Interview with Shrey Khanna

Q1. Tell us about you MS in Control systems and Robotics at University of Washington (curriculum, professors, peers) . What were the various areas you explored and ones which you eventually plumped for ?

Ans. I did my masters in Electrical Engineering (EE) at University of Washington. University of Washington is blessed with a very good control systems program.

EE, CSE, AA, ME, Chemical Engineering and Bio Engineering departments offer joint courses in control systems and each department has  research programs of their own. As a result, there are a lot of research topics to choose from if you are a graduate student in controls system and are looking to solve a challenging problem as part of your master’s or Phd thesis. Many projects are driven by grants from NSF and DARPA. Some of them even have implications in the field of defense and space program. Not every international student can get a job after his master’s program in the field of defense or space, but having a Phd makes it easier. Regarding the courses, senior level (4th year) courses for undergraduates at UW are very well crafted over the years and do better than our NSIT/ICE control system courses from Nagrath/Gopal/Manke. But having that exposure to classical and modern control theory in NSIT helped me tackle some of the graduate level courses very well, especially in the beginning. So even having that kind of a foundation helped. Professors at UW are experts in their fields and their teaching style is exceptional. I explored areas like robotics, sensors and motion control in the first year through some course projects before diving deeper into motion control projects in Mechanical Engineering department. Robotics was my first choice but all the projects there were defense funded and with the economy turning bleak, I chose not to put all eggs in one basket and decided to pursue motion control applications since it had more commercial applications.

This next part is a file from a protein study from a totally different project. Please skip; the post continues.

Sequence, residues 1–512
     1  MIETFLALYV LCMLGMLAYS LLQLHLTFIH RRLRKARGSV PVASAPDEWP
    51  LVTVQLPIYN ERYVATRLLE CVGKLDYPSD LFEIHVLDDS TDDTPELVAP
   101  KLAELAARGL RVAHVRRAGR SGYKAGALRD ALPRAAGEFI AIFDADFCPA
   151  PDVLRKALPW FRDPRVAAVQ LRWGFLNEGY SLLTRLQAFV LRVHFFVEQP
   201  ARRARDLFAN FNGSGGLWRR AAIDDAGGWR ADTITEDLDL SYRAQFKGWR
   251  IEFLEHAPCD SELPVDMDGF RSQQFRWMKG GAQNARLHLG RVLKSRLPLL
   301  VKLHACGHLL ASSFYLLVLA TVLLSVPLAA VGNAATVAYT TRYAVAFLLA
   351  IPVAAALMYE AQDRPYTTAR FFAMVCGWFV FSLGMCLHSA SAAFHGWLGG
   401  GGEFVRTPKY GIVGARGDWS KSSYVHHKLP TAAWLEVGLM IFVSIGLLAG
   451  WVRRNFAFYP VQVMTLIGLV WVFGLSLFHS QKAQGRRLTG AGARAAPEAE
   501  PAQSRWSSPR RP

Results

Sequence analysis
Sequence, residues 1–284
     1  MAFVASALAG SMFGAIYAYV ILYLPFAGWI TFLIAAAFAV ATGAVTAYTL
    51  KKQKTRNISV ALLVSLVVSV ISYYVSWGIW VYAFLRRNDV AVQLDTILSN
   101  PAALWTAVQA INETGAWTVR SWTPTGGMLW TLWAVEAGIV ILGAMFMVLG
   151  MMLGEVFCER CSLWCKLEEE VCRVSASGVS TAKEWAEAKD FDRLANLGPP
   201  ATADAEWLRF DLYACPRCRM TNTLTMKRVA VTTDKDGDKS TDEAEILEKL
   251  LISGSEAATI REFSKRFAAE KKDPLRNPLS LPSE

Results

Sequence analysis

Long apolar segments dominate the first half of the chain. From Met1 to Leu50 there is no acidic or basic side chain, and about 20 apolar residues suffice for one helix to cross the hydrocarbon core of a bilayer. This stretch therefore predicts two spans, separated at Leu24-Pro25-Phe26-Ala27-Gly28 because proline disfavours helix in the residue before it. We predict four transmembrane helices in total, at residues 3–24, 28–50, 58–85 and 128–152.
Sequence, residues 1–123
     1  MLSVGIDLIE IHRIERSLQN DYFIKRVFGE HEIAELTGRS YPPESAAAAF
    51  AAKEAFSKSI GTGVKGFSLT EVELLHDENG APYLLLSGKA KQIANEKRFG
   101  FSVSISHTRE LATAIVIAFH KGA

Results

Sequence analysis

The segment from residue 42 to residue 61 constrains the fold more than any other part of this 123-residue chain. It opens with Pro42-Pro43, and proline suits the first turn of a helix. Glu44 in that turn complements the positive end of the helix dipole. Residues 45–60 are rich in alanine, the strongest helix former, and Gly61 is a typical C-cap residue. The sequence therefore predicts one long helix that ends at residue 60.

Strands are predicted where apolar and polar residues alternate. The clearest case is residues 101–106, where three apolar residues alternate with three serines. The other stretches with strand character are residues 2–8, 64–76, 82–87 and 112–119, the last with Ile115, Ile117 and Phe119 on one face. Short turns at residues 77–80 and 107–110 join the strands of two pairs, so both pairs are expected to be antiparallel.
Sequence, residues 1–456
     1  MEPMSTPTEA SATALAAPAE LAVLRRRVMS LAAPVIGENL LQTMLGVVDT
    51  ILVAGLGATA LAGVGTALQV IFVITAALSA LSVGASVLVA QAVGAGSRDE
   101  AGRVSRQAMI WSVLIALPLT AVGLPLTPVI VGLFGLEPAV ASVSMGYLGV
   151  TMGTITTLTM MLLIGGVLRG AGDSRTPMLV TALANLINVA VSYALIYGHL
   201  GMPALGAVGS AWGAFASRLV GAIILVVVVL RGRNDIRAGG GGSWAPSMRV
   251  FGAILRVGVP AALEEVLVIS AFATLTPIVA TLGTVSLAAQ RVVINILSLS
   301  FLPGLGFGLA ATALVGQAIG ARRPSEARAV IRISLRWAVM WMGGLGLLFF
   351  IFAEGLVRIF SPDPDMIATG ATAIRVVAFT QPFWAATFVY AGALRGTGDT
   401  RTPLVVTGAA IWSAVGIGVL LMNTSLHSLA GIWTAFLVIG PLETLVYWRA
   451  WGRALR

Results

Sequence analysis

Q2. What prompted you to go for a graduate course after NSIT ? What were the projects/internships you did whilst at NSIT ?

Ans. Being in ICE is more like being the jack of all trades and master of none, or at least that is how it is perceived. Some of my classmates did not like that about ICE. ICE students are never looked upon as an expert in anything. Not an ace programmer cut out for the ‘A’ category software jobs, neither an expert circuits cut out for jobs in Freescale/Texas Instruments. Of course, exceptions have always been there but so is the prejudice. But we like tinkering with systems with hardware setups, electric motors, circuits. We like making the overall system work. My first project was with Dr. KPS Rana, which was about controlling a vibration shaker in my 4th semester. He was a very good mentor and helped me pick up skills, not only in system modeling but also in Labview and technical writing. We co-authored a research paper from that project that eventually helped me build my resume for graduate school applications. I and my two other classmates also worked with Dr. Prerna Gaur to develop a motion control mechanism using stepper motors to etch a PCB from a schematic. My final year project, with three other classmates was under Dr. Yogesh Hote and involved Robotics, Image Processing, Embedded Systems, and Motion Control. It was aimed at developing an intelligent transportation system with defective object elimination. We also submitted a paper that got accepted in a journal publication. I also did internships at Bechtel, Indian Navy, and DMRC. And, except at DMRC, I actually did some work and contributed during my internships. I enjoyed my projects and internships quite a lot. I realized that I can keep doing similar or better projects and get  a similar job profile if I followed some of our ICE seniors’ footsteps and pursue MS after graduating from NSIT. So I decided to apply for grad schools in the US, after the third year at NSIT ended.